I make a mean stew. In my head, that is. I can take a nagging thought, dump it in a cauldron, season it with self-doubt and anger, and simmer it for days and nights. The ladle keeps turning to keep the bubbling under control. I disguise the heat and aromatic tension with plastered smiles and small talk. Most play along. A select few notice and prod but I’m very good at what I do.
My recipe is special; bottled words, marinated memories, julienned expectations. Even as my insides are burning with acrid tears held back too long, I wish there was an easier way. Like breathing in and breathing out and letting toxic carbon dioxide mingle into oblivion. But I can’t do it. This is part of who I am. This habit, this caging of emotions, this fear of a world that will never be ready for all I have to say.
I wasn’t always like this. There was a time when my mind was like pretty gauze, sheer and perpetually blushing with honesty. But then the tearing began. Everywhere I went, everybody I knew, it was all lies or silence. Like a red poppy I stood out in a hay stack, bold but useless. Being superficial was a life skill without which one was rendered primitive. I had to choose. Survival of the fittest right?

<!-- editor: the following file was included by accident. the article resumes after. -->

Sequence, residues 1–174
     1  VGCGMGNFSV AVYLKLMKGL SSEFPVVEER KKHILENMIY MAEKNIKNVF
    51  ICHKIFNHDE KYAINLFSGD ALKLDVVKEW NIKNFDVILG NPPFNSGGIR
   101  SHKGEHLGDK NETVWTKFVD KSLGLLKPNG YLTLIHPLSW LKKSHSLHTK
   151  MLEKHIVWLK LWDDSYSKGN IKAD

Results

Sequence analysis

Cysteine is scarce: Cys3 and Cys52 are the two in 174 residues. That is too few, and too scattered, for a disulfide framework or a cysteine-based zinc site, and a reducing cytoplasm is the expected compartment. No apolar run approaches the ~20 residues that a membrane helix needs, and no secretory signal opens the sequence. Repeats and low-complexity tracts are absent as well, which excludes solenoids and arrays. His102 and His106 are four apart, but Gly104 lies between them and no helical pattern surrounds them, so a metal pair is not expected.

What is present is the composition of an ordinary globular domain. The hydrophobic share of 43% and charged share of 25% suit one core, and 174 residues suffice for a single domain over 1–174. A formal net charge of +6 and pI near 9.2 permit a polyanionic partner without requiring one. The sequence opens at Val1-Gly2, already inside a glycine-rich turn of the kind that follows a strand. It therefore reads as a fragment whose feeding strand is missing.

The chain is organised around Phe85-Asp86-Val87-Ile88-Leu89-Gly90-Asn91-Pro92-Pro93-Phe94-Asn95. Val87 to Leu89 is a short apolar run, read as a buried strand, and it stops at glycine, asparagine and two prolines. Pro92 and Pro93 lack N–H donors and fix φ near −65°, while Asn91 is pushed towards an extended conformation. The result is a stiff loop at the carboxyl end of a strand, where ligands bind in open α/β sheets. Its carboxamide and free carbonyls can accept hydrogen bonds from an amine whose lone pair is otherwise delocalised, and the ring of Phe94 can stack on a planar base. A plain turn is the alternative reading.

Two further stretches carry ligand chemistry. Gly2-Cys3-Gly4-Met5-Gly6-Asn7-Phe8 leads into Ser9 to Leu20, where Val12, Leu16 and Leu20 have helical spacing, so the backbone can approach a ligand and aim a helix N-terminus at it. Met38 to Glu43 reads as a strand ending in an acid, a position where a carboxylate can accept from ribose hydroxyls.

So I evolved. I built pearls with my pain and let them rot. I bought glossy cultured necklaces and strung them like a noose. I can feel it getting tighter slowly. It won’t be long now.
What does it matter anyway? Authenticity or plastic? Who cares if my words make it out of my larynx or die in some lost meadow which houses foliage of every single unuttered thought? Nothing matters. We’re born, we fight through each day, lie on a pillow without knowing what will come stumbling once the sun rises.
(Image credit- The Poppy Fields by Claude Monet)